MN Looks to Erase Hunger in Schools
Monday, February 6, 2023
Better health and educational outcomes are being touted as the potential benefits as Minnesota lawmakers discuss whether to provide free school meals for all students.
Supporters of the idea said it is especially critical now, to ensure all kids can get free breakfast and lunch at school, regardless of income. A legislative plan calls for state funding to be combined with annual aid from the long-standing National School Lunch Program.
Leah Gardner, policy director for Hunger Solutions Minnesota, said the state is coming off a record year for visits to food shelves. She argued more can be done to help struggling families who are barely above the current eligibility threshold for free school meals.
"If you're a family with multiple kids in school, we're talking about a hundred dollars or more a month out of your budget," Gardner pointed out.
She noted amid higher consumer costs, it has become increasingly difficult to afford, and the need is being felt in all regions of Minnesota.
Health experts have said consistent, balanced meals help students focus and stay healthy. The bill is being proposed by Democrats. During committee debate, Republicans said expanding the eligibility threshold would be more effective, but an amendment failed.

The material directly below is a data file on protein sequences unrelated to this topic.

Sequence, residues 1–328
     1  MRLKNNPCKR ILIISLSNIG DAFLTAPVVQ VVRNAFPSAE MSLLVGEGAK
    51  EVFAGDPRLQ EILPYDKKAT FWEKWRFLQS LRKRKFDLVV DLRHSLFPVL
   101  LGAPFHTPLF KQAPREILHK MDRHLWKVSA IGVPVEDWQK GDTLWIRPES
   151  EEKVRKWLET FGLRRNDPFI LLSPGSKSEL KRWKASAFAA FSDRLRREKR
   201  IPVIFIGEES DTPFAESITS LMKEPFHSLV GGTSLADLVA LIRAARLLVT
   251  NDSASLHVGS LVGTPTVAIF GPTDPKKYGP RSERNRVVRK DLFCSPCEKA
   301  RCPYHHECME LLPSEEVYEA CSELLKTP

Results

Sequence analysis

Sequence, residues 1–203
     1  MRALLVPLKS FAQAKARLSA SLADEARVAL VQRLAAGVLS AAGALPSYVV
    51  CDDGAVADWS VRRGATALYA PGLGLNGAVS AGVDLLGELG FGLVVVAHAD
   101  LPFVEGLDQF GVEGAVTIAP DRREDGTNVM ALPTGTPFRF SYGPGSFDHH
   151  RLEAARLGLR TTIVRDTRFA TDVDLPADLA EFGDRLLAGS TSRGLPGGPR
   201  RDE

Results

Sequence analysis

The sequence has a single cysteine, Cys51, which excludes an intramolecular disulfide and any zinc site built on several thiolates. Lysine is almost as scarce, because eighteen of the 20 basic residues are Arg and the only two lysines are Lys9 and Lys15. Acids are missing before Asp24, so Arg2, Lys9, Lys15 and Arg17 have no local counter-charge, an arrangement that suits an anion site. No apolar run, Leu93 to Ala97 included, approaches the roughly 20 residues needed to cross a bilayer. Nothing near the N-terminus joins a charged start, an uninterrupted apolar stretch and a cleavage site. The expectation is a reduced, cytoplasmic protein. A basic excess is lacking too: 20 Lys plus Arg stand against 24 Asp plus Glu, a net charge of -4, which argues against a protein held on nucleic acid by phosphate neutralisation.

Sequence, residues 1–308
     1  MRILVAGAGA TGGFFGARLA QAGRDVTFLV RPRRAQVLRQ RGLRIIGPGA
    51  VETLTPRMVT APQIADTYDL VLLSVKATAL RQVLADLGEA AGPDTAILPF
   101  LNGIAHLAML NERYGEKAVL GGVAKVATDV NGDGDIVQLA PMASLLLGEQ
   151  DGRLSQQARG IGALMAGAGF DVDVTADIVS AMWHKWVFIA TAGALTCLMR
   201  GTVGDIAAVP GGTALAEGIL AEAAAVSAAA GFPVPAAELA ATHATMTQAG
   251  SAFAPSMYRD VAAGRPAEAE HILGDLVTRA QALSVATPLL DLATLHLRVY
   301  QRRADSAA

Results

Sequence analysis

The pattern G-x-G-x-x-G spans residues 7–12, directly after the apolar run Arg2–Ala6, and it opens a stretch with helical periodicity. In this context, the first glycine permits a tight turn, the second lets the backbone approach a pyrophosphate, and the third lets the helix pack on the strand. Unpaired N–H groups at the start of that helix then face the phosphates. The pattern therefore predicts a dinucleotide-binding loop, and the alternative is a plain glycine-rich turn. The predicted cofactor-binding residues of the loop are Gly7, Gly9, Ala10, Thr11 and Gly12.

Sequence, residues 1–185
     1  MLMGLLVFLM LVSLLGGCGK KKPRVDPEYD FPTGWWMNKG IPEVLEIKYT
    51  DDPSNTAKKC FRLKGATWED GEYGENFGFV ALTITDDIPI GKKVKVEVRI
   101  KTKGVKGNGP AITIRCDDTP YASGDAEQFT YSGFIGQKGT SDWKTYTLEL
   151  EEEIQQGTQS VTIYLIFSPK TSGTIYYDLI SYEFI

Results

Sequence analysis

Dr. Aarti Bhatt, a pediatrician at Community-University Health Care Center in Minneapolis, said food insecurity is considered by researchers as one of the Adverse Childhood Experiences, or ACES, for its lasting impacts.
"We know that what happens to kids when they're young, up through adulthood, has a huge impact on development of various chronic diseases," Bhatt explained.
She added other factors include high blood pressure, diabetes, depression and anxiety.
Bukata Hayes, vice president of racial equity for Blue Cross and Blue Shield of Minnesota, said free school meals tie into the social determinants of health, noting 80% of a person's health is shaped by factors outside a doctor's office.
Hayes asserted making sure all kids can get food at school is one way to help close achievement gaps in learning, knowing there are other racial disparities to contend with.
"Housing, wealth and other areas," Hayes outlined. "Removing one of those, particularly for children of color in schools, is important."
The bill has moved through various committees. Roughly $400 million would be needed the next two budget years to cover the costs. It comes as the state considers how to use its historic surplus.
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